NeuStar (News - Alert) earns the majority of its revenue by routing and managing both phone calls and text messages for major U.S. telecom providers. The company also serves as a neutral third-party administrator for the Number Portability Administration Center (NPAC), which enables consumers to keep their telephone numbers even when they switch carriers.
Now, NeuStar has caught the eyes of investment analysts. Investor’s Business Daily (IBD), Daniel Meron, an analyst for RBC Capital Markets, predicts 8 percent growth for the company, both top and bottom line.
Meron bases his numbers on a 6-percent rise in carrier services, which reflects the expansion of number portability with accounts backed by contracts. Meron also cites continued expansion of information and enterprise services like IP addressing, real-time analysis and other services.
NeuStar expects to report its Q4 2012 earnings after the close of the markets today. Thomson Reuters (News - Alert) polled a number of analysts, who predicted a 41-percent jump in earnings per share (EPS) as well as a 23-percent jump in revenue.
NeuStar shares are already up 9 percent in 2013 after a 20 percent expansion in 2012. The stock has an IBD Relative Strength Rating of 86 and is ranked 19th out of 50 in the IBD 50 ranking of top stocks.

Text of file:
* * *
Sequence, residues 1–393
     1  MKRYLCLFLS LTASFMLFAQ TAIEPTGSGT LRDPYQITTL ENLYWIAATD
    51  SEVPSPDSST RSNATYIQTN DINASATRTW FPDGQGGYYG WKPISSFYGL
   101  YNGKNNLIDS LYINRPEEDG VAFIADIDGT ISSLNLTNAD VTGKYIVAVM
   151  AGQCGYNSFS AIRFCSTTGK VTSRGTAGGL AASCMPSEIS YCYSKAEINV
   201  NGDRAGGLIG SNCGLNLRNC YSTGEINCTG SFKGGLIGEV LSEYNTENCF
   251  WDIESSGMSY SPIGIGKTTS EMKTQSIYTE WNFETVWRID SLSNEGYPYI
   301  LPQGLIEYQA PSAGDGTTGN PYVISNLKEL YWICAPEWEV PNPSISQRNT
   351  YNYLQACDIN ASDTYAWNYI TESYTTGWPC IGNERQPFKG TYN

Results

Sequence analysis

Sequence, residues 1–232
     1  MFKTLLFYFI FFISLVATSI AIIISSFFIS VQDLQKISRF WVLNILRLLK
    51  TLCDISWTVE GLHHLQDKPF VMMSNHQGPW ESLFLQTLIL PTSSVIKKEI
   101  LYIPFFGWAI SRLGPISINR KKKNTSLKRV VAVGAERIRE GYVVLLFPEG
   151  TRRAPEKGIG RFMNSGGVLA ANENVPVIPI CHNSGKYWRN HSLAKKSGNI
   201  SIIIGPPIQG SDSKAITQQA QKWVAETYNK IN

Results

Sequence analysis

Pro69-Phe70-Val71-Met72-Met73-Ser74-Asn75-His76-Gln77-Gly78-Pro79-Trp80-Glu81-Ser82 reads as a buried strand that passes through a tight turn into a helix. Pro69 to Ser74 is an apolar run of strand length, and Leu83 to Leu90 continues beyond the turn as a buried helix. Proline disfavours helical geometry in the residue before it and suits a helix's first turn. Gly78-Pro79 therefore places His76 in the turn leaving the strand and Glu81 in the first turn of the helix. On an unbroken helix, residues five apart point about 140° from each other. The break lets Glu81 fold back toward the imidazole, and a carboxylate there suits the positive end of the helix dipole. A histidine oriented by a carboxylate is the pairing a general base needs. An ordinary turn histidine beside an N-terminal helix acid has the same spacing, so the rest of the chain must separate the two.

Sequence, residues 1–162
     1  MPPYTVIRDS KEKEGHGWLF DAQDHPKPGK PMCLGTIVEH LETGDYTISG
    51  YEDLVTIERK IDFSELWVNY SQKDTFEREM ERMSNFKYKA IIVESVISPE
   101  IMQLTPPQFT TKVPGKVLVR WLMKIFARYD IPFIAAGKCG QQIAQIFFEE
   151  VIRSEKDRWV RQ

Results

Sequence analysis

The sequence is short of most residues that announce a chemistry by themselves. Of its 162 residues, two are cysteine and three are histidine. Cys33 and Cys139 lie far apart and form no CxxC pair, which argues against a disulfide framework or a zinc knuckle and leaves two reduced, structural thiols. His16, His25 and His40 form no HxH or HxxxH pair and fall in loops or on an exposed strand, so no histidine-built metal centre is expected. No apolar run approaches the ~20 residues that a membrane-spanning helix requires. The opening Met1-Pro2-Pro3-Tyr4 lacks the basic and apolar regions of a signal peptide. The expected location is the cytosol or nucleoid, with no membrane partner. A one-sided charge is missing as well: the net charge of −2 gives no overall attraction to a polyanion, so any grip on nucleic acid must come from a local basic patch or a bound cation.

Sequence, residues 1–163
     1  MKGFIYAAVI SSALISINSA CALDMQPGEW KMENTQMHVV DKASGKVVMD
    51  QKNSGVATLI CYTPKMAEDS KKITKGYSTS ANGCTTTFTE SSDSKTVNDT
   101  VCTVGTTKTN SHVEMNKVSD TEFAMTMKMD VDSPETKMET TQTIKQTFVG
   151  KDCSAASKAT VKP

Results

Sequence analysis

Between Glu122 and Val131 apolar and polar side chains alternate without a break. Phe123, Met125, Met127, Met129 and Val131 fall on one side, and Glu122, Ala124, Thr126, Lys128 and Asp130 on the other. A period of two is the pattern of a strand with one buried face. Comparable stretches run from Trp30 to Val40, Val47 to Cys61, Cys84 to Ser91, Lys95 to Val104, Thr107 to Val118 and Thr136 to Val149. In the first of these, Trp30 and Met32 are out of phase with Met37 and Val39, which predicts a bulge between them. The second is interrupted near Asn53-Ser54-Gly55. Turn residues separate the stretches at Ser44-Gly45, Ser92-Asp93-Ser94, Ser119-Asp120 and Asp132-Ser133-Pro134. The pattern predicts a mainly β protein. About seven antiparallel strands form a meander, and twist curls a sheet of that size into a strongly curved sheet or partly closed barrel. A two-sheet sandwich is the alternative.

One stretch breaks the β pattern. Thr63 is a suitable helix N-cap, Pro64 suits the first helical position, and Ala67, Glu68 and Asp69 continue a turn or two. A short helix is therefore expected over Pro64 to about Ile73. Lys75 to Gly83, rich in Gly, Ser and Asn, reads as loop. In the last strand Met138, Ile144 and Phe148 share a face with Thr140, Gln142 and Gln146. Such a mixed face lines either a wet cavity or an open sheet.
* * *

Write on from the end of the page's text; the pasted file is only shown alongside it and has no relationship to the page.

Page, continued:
While NPAC’s contract is set for renewal, most analysts expect NeuStar to continue as its administrator. "We believe NeuStar remains best positioned to win NPAC re-bid due by mid-2013, thanks to its incumbency, though pricing and terms are yet to be determined," Meron stated.
In 2011, NeuStar paid $650 million in cash for Targus Information, a source of caller identification and analytics. Essentially, NeuStar routes every call and text message in North America as well as many Internet queries. Targus databases add information about who is calling or querying, and from what phone number or IP address.
NeuStar gained its market in 1996 after winning contracts to serve four of the seven “Baby Bells” created by the breakup of the telecommunications monopoly. When competitors failed to satisfy the other three phone companies, those companies sent their business to NeuStar.
Edited by Braden Becker